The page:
UN: Relief still Sent to South despite Sudan's Tough Talk
A UN-sponsored group said Tuesday it was still sending relief to southern Sudan despite President Omar Bashir's move to close airspace to aid flights from abroad and consider banning relief groups.
An official with the World Food Program (WFP), the UN agency in charge of Operation Lifeline-Sudan (OLS), told AFP the WFP is continuing to deliver food "as normal" to both government- and rebel-controlled areas in the south.
The official said senior Sudanese humanitarian assistance officials told the WFP that the ban on relief flights from abroad was not targeting UN agencies and 40 non-governmental organizations (NGOs) working with the OLS.
Several flights are still being made everyday from the north Kenyan town of Lokichokio as well as from Khartoum and Obeid in central Sudan to various areas in south Sudan, the WFP official said.
The WFP was told that Bashir was referring to NGOs that are not working with the OLS.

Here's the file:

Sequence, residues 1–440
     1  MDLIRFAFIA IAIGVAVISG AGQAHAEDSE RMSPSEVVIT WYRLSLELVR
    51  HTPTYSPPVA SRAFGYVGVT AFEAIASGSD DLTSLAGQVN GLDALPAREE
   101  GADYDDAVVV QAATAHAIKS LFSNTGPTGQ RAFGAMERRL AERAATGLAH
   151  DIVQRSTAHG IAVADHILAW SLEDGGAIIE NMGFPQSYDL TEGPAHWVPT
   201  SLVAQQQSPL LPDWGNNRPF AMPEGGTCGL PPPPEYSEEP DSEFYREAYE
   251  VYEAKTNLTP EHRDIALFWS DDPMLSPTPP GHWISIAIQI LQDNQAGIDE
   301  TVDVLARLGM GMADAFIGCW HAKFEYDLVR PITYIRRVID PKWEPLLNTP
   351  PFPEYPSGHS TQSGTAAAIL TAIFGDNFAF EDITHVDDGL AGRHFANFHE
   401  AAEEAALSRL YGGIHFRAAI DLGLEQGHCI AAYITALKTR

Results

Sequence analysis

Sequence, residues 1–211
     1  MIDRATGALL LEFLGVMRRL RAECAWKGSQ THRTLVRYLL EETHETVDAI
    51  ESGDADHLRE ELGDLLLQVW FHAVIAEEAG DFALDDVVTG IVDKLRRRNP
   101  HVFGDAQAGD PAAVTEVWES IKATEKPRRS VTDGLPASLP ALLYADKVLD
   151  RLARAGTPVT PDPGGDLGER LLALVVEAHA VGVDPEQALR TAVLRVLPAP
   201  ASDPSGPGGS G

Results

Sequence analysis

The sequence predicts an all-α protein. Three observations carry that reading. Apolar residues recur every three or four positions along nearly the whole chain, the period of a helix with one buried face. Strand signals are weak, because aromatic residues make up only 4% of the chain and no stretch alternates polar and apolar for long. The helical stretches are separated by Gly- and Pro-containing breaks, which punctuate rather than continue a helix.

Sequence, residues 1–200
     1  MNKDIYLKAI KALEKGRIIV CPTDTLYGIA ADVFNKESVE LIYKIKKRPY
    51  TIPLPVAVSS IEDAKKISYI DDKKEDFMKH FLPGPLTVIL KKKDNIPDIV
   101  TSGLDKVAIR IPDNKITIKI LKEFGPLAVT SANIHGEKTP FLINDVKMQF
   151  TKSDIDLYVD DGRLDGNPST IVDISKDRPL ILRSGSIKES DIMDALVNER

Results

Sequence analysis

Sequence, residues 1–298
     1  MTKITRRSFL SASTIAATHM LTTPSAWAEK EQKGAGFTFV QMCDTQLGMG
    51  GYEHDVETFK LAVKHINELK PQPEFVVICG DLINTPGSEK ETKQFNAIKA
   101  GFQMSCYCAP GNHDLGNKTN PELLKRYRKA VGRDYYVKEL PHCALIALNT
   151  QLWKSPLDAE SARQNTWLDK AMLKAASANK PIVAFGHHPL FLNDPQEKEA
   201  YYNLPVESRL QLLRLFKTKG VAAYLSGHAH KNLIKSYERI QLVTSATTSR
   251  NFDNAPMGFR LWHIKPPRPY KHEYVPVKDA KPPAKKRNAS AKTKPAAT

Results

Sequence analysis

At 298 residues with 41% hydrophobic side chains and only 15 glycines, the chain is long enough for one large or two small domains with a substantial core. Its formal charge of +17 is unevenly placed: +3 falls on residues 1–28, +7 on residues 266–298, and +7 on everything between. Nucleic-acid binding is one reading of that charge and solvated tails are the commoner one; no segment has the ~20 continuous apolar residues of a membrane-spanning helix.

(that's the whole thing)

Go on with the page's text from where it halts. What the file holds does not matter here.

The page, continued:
Sudan Television reported meanwhile that Junior Foreign Minister Gebriel Rorec Monday reassured WFP Representative in Khartoum Masoud Haider of his government's "full commitment" to delivering relief to all the needy.
Yet, he was reported as telling the UN official that the government "retains its right to supervise humanitarian supplies".
In a hard-hitting speech Saturday, Bashir said "Sudan's airspace will be closed to all relief aircraft coming from abroad with arms and food assistance for the rebel movement," the Sudan People's Liberation Army.
Relief groups use Lokichokio in northern Kenya as their main base for flying aid into parts of southern Sudan, where the SPLA has stepped up fighting in the last few weeks and claimed dramatic gains - KHARTOUM (AFP)
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